chapters of the Ainulindale. The things that kept nagging at me were his answer to Frodo's
question "Who are you Master?" -- ('Don't you know my name yet? That's the only
answer.') and his apparent indivisibility from the songs he sang. As so often happens just
"Bombadil... is the prototype of the Children of God, that Original Man and the template which will influence the final form of Man. That he is at least as old as Middle-earth itself he willingly admits: "Mark my words, my friends: Tom was here before the river and the trees; Tom remembers the first raindrop and the first acorn." In fact, he pre-dates Middle-earth, and is the cosmic seed from which Man develops.
The creation of the world from the void was through the Song of the Ainur, the divine refrain taught to the Holy Ones by Iluvatar before the beginning of days. In those tunes of glory were contained the form and history of the world and of the Children of God. The Ainulindale was transformed into light, the light into matter, and through this device The One revealed to them their Handiwork. Yet the entire story, the final ending of the tale was not revealed to the demiurgic Valar; only a partial vision was granted, and the creation of His children and their final doom is in the hands of the One. The Valar will only prepare the realm, act as stewards in His stead.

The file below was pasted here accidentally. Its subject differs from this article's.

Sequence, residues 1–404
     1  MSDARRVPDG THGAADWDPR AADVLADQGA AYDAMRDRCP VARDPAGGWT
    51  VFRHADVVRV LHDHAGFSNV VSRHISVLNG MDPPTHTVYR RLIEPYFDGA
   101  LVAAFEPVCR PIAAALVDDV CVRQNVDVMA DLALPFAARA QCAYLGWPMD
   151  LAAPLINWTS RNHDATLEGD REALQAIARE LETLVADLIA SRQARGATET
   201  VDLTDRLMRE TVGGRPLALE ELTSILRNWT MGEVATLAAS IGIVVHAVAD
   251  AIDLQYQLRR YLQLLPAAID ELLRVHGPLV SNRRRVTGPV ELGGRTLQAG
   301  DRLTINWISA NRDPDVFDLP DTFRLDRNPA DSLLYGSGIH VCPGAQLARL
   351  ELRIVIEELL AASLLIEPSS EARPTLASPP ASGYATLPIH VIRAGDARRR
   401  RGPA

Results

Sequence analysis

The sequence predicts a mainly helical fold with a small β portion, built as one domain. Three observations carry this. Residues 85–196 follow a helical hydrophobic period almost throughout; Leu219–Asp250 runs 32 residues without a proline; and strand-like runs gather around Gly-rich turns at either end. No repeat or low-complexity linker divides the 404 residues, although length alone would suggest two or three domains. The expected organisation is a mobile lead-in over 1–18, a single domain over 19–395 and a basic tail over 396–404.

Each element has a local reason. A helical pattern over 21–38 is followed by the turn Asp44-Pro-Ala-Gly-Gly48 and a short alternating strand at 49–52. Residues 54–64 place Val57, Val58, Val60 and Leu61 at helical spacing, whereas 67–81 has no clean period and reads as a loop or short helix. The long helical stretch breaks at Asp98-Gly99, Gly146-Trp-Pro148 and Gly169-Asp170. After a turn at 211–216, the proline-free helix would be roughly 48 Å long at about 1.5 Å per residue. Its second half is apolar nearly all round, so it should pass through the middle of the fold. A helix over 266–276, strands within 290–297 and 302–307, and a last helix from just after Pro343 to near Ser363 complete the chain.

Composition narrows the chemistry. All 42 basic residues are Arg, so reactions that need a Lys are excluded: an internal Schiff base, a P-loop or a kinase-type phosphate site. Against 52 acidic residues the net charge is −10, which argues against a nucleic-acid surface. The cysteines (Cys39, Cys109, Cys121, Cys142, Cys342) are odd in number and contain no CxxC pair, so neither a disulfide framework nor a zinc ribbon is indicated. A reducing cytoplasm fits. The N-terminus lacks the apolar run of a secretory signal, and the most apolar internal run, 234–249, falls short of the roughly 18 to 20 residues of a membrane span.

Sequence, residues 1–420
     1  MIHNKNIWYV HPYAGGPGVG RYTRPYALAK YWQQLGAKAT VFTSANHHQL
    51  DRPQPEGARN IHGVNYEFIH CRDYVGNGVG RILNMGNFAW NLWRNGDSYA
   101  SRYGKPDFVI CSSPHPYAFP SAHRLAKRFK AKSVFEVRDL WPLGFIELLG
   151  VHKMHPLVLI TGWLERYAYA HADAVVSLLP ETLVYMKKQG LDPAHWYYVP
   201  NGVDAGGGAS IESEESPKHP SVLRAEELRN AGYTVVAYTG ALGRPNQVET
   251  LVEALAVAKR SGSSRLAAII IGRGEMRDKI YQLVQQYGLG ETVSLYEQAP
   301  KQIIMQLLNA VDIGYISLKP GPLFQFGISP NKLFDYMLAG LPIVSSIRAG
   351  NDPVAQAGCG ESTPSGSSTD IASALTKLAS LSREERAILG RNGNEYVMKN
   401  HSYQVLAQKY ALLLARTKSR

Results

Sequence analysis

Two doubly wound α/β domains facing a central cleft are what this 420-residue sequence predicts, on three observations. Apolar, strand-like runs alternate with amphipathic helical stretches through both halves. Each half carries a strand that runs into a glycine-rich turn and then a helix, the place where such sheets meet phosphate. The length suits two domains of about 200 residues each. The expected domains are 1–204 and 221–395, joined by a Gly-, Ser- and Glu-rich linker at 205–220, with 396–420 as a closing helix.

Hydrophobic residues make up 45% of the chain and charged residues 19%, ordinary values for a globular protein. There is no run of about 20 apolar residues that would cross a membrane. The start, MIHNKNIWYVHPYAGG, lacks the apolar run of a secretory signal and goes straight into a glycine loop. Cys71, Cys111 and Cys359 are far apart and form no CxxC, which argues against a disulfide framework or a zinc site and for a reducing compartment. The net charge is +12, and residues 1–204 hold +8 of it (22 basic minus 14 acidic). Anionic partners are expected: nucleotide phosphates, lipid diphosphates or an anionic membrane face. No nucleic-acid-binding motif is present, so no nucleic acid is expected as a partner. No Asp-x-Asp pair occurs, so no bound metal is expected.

The tireless Ruth Noel informs us that "Bombadil" is derived from the Middle-English words for "humming" and "hidden". This is his name; by the elves he is called Oldest-and-Fatherless, "Old Sorcerer" by the Dwarves, "Ancient" by Men. Yet his origin and essence are contained only in Bombadil, his own name for himself, for its meaning is known only to him and his inventor... The form of the Ainulindale, the song of the Holy Ones who were the offspring of the thought of Iluvatar, and from who they learned their songs, was wordless, pure tone... Interwoven with the melody were all the creations, including Man and Elf. Old Tom is, I venture to speculate, the "hidden melody," the secret tune of the One from which His children took form and grew, the divine tonal DNA! His songs are, after all, "stronger songs". (The prototype of Bombadil as the magic song-master was probably the Finnish hero Lemminkainen in the Kalevala.)
This interpretation gives even greater significance to Tom's
immunity from the effects of the Ring. The demonic power of the Ring derives from the
personification of discord that was Melkor. Melkor was, as we have seen, the Ainu whose
fierce pride and stubborn individuality brought evil into the world; and he was cast,
Lucifer-like into the Void at the end of the First Age. This tradition of mayhem was
carried on by the fallen Maia Sauron, the greater part of whose power derived originally
from Melkor. But the song that is the genesis of Bombadil is that strain that was
untouched by Melkor, the promise of Iluvatar to His children; and in this fashion the
Ring's power has no way of affecting him. This is also Man's hope... Glorfindel prophecies
at the council of Elrond that in the darkest hour Bombadil would succumb, last as he was